This Slate podcast, How Targeted Ads Started Watching Us All, gives our students a bit of context for how advertising has evolved into the targeted ads. It is an interesting look at advertising, reflecting the past, the present and a look into the future. This will be insightful for some faculty and remember that few of our students know any other advertising world.
Archives for February 2020
Another #M4BW (Marketing for a Better World) Monday post. Out of the World Economic Forum, former Volvo CEO Pehr Gyllenhammar wrote this op-ed at CNN Business, “I brought socially conscious change to Volvo without hurting profits. Other CEOs cab do the same,” (January 22, 2020). I hope that headline alone lures you into the article and a discussion with your students.
It seems like we talk about Amazon a lot here at Teach the 4 Ps. For several reasons Amazon is a great class example. First, it is a brand that everyone knows and most of our students use on a regular basis. Second, they are at the leading edge of so many new marketing practices. Third, Amazon offers the opportunity for examples that reflect many marketing practices (and many chapters). Today, we are talking about Amazon the online retailer, as an advertising medium. After Google and Facebook, Amazon is growing fast as an advertiser. A Wall Street Journal article earlier this year pointed out that “54% of people looking for a product now begin their search directly on Amazon…” Search advertising has traditionally been Google’s sweet spot.
This article, “Ad Business a Boon for Amazon But a Turn-Off for Shoppers,” (November 26, 2019) points out that Amazon may need to be careful with all the advertising. Some customers are getting annoyed with the online retailer for serving up too many ads. Customers just want the product they are looking for–but they often have to search through many “sponsored posts” before they get there.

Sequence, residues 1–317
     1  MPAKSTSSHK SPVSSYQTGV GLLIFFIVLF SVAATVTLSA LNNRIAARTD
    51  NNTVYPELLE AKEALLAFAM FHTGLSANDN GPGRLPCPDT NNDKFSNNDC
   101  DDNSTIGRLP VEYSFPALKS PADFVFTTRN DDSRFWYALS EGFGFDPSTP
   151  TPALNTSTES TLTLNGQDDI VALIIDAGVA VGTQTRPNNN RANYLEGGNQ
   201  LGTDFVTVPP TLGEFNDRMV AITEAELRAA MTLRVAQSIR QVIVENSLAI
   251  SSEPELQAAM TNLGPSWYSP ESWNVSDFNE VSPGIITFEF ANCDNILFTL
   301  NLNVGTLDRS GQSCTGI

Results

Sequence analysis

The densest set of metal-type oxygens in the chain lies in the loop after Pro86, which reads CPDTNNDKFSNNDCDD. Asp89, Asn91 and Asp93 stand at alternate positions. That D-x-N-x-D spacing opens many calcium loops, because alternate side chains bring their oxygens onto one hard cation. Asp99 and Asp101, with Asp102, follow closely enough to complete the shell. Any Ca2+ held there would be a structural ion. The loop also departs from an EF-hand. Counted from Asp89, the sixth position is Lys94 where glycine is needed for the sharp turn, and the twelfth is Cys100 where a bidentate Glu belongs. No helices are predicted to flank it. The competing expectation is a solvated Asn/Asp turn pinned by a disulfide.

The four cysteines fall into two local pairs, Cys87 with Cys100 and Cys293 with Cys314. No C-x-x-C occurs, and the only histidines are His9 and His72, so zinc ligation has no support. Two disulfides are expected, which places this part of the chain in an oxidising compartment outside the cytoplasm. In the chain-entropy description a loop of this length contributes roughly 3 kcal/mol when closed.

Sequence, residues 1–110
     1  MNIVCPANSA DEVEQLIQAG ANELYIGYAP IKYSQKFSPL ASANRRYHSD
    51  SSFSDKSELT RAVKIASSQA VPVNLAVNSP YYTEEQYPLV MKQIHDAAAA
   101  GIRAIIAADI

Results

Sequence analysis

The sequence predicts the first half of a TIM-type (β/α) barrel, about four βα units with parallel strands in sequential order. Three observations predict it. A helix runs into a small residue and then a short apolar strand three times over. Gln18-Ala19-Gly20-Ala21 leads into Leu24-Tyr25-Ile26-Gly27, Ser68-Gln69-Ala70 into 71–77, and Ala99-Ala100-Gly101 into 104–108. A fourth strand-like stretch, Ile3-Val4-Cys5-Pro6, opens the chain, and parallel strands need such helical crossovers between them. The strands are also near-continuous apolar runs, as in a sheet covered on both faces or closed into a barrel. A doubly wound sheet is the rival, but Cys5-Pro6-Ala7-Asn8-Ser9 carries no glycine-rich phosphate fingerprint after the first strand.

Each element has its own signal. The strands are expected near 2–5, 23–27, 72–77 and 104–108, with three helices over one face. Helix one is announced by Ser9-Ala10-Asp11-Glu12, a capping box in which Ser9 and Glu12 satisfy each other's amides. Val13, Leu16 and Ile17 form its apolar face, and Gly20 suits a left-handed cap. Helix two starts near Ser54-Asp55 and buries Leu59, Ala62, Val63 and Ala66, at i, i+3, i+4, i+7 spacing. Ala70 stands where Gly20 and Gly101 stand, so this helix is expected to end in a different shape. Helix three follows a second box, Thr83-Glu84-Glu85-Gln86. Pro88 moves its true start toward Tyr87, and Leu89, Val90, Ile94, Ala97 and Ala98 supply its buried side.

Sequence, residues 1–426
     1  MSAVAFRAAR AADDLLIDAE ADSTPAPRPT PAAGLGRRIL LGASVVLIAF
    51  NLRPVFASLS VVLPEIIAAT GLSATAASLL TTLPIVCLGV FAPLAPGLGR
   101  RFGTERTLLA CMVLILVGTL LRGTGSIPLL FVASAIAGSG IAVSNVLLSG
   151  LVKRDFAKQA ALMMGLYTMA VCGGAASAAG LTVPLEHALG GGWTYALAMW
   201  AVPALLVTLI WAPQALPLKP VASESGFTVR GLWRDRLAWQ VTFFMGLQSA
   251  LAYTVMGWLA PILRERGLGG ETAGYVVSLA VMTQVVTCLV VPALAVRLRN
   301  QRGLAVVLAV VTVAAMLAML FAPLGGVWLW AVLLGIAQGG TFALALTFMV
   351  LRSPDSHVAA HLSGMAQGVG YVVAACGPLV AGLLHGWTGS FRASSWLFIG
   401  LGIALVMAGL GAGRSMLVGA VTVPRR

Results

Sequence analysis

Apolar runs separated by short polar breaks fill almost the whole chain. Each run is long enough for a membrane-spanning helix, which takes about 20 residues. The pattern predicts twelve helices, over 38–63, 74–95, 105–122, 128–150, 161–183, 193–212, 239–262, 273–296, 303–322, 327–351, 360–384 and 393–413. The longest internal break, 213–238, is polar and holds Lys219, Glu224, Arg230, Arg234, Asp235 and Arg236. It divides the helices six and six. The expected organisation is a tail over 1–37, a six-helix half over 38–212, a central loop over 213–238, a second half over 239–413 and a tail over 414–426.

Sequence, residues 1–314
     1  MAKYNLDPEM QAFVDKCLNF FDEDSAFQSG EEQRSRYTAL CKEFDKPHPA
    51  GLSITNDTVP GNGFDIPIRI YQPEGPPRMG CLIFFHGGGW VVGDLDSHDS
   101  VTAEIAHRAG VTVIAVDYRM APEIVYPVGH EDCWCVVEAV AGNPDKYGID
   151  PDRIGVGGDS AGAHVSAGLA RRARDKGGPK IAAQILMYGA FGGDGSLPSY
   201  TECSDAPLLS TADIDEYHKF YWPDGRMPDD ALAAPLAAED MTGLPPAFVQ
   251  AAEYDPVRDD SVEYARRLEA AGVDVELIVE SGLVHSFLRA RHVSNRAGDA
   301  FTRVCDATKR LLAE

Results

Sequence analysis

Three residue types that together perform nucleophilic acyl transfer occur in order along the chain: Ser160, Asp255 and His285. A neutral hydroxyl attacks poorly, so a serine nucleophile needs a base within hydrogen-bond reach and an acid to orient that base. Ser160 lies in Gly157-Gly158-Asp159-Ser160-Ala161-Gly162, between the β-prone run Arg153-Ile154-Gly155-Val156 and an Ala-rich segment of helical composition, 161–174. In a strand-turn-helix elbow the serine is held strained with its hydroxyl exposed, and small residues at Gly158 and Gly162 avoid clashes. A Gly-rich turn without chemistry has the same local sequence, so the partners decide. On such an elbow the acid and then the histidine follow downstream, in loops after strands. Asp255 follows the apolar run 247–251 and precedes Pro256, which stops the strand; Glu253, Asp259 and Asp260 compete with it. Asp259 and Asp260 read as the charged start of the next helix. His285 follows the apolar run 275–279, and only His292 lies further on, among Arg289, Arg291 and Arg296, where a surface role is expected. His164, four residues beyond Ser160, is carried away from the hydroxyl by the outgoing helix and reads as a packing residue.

This article or example may be used in your marketing classroom in a number of ways. If Amazon wants to do well by customers, is this the right way? Is this customer-oriented behavior (Chapter 1)? An interesting counter-example might be drawn out by asking students if they have ever gone to Amazon looking for one thing, then seeing an ad for a competing product, and ended up buying the competing product. Was that information useful?
The question gets further muddled when the article also notes that ads like this might help Amazon deliver one-day service that customers love (Chapters 10 and 12). It also suggests changes in consumer behavior (Chapter 5). And then of course the article highlights how Amazon is becoming a new advertising medium (Chapter 15). Lots to potentially talk about here.
Regular readers, and those who have already seen the 17th edition of Essentials of Marketing know that we believe business can contribute to making a better, more sustainable world — without necessarily sacrificing profits in the process. Barron’s recently posted an article on this topic, and while the real thing is behind a paywall, I found this copy online (I hope it lasts there for your review).
After Barron‘s ranked the 100 most sustainable companies (#1 Texas Instruments), it compared their stock market returns in 2019 (+34.5%) with those of the S&P 500 (+31.5%). The article is optimistic that this trend will continue. Why? Some of the reasons given in the article include:
- These companies attract employees — people want to work there,
- They are better at employee retention,
- Good environmental policies lower costs,
- Customers want to do business with these companies,
- Investors want to buy into sustainable companies.
We all know that consumers can more easily ignore advertising. So how do advertisers sneak past our defenses. One way may be to disguise the advertising as “art” — maybe a short story movie. Of course advertising has been doing this for years–think of all those Bud Light Super Bowl commercials (we discuss them in our What’s Next box in Chapter 13). This article from the New York Times, and the video below describe how far we have come along that path. The ad below also shows how a firm might target a niche group.